Ming the Mechanic:
The Economy of Synthetic Worlds

The NewsLog of Flemming Funch
 The Economy of Synthetic Worlds2005-03-11 17:47
picture by Flemming Funch

From the homepage of Edward Castronova, Associate Professor of Telecommunications at Indiana University, via Bala Pillai:
I specialize in the study of synthetic worlds: massively multi-user spaces on the internet. People in these worlds create virtual items to use there – magic wands and whatnot – and they’ve begun buying and selling them on eBay. eBay’s category 1654, 'Internet Games' includes most of the non-Asian trade in virtual items and currency, and as you can see, this is a very active market. (If you are not familiar with virtual item trading, please see this introduction.)

Based on these auction data, I've been able to estimate that the global online sales volume in virtual items is at least $100 million annually and quite probably much more. This external, internet-based trade volume seems to be only about 1/20th of the trade volume within the worlds, meaning that the in-world trade probably amounts to more than $2 billion annually. At that level, it is comparable to economic activity in many small regions, provinces, and even a few countries. Synthetic worlds have even been colonized, effectively, by independent companies, that do nothing but farm items and gold pieces for sale to third parties. At least one such company is known to maintain a low-wage workshop in Hong Kong, to manage a high volume of sales and deliveries of farmed items.

The videogame companies that operate the most popular synthetic worlds – some of which have millions of users – are currently deliberating how to respond: should they try to capitalize on this money flow, or shut it down? If they encourage virtual item trading in real currencies, if only to take a slice off the top, their virtual economies will merge into the real-world economy, with real-world taxation, regulation, and legal obligation being an unavoidable consequence. If they shut down the eBay trade (which, after all, is against the rules of these places as games), they close off a revenue source as well as a part of the game that many users think is great fun.

The lesson for serious people outside the videogame industry is this: like it or not, real life is genuinely and observably migrating online for many millions of people, in its personal, social, economic, and even political aspects. In the new frontier, the features of the real body or the ability to do real-world work are no longer important. What matters is that you can get along with others while doing quite fantastical, quite fun things – slaying dragons, casting spells, performing resurrections, building castles. New frontier, new rules.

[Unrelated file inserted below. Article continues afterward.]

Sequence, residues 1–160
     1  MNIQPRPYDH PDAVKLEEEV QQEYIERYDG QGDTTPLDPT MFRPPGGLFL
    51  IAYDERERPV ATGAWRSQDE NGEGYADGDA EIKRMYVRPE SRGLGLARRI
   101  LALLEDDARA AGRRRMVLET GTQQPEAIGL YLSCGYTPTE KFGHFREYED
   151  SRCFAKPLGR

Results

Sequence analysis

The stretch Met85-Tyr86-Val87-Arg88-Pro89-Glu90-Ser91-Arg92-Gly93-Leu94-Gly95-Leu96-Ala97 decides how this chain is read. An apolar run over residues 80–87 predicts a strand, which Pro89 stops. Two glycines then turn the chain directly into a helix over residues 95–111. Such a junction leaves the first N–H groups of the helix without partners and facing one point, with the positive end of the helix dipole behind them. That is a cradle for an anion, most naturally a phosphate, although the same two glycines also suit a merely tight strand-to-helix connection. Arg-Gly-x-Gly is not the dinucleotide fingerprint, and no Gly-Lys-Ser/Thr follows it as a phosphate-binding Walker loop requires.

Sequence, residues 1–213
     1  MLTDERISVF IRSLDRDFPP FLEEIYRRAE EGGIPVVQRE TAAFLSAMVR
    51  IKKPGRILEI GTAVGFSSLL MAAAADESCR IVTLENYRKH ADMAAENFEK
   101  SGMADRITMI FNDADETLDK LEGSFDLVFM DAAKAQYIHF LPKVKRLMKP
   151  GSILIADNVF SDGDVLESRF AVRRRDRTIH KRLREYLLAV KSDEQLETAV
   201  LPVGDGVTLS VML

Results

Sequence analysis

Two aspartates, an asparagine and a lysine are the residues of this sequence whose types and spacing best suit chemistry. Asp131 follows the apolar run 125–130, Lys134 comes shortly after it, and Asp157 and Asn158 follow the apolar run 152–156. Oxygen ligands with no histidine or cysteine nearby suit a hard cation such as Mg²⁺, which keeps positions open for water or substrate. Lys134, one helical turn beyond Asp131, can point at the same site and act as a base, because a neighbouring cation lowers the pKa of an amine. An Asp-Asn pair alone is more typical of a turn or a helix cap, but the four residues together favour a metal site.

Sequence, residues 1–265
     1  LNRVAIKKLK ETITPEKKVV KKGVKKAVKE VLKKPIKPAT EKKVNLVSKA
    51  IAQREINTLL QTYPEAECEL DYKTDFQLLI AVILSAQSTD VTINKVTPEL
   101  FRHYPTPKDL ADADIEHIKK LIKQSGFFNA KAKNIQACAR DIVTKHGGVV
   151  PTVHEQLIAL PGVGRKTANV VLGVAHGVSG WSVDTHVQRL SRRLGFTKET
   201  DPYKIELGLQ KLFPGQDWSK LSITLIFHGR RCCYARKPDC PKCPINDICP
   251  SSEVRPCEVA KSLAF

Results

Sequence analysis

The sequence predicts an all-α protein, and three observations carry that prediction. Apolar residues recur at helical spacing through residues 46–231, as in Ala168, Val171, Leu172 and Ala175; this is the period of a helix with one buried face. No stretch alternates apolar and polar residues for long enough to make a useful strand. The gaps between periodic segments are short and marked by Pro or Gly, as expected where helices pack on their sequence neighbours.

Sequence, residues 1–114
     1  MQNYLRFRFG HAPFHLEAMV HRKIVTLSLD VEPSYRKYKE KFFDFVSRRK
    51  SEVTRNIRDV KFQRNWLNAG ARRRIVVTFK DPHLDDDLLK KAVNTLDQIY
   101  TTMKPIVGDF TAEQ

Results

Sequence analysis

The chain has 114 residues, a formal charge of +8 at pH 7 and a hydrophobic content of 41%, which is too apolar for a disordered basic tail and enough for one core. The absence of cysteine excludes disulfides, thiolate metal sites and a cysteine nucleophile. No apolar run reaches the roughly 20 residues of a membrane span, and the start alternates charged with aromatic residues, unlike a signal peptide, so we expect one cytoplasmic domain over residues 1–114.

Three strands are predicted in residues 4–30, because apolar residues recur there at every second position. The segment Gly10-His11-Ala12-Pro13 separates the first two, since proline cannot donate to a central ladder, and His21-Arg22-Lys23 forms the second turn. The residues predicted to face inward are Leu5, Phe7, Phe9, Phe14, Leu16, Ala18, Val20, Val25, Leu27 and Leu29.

At this point we do not know how many people will eventually find a fantastical society preferable to our own. It could be hundreds of millions. If so, we are in for some fairly dramatic changes in society, economy, and politics over the next few generations.
Dramatic indeed. Particularly as the technology advances and a virtual reality eventually, before too long, will be as real as the physical reality. I.e. with all the senses involved. The holodeck kind of thing is likely to happen within the next 20 years, and probably sooner, so it will be entirely possible to move large chunks of our lives into virtual realities. And as the activity becomes economic, it increasingly won't just be something to do for recreation. It will be places to work and study, in addition to being places to play and meet people. And, no, it isn't just a bad thing, of people becoming addicted to illusionary realities, without dealing with the real world. The virtual spaces will increasingly become the real world too. And the nice part is that virtual resources are basically unlimited, so it might be a driver for economic abundance, no longer hindered by limited physical resources.

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11 Mar 2005 @ 18:55 by Ge Zi @ : dramatizing
... or are these games just a dramatization of the so-called real world? Maybe this is the chance for a few people to grasp that the 'real' world is nothing but a virtual world, only that we mostly forgot.
I always - if I forget - try to make it clear to myself by comparing a dream I had last night with the 'real' world. While in the dream that person giving me money is just as real as the oneI encounter later after waking up.
And by being hit over the head real hard with the idea of a virtual world becoming more and more 'real' some might grog that the real world is just as virtual as the 'virtual' one.
But I'm sure for most it will be the other way around - after a while they will have just to 'real' worlds.  

11 Mar 2005 @ 21:50 by ming : The Virtual World
Yeah, I think that people might become aware of the "real" world as being equally virtual. Just very well rendered. I've heard people express they had that kind of thoughts after coming out of some virtual reality experience. Like, really appreciating the colors and richness and structure of everything around them. Whereas before they just took it for granted.  

21 Apr 2016 @ 04:26 by Latasha @ : opywvEvGUKWy
Your hosenty is like a beacon  

21 Apr 2016 @ 11:37 by Irais @ : WtuRCOtUAoLfnlGIZWE
Deep thought! Thanks for corunibtting.  

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